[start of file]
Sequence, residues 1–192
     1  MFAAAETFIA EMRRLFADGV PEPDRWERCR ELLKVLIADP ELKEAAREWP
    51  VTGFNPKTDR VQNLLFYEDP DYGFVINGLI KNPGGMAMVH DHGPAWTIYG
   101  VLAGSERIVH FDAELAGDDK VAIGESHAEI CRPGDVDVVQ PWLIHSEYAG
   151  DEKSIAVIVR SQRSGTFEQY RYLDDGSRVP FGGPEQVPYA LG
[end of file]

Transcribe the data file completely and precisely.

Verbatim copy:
Sequence, residues 1–192
     1  MFAAAETFIA EMRRLFADGV PEPDRWERCR ELLKVLIADP ELKEAAREWP
    51  VTGFNPKTDR VQNLLFYEDP DYGFVINGLI KNPGGMAMVH DHGPAWTIYG
   101  VLAGSERIVH FDAELAGDDK VAIGESHAEI CRPGDVDVVQ PWLIHSEYAG
   151  DEKSIAVIVR SQRSGTFEQY RYLDDGSRVP FGGPEQVPYA LG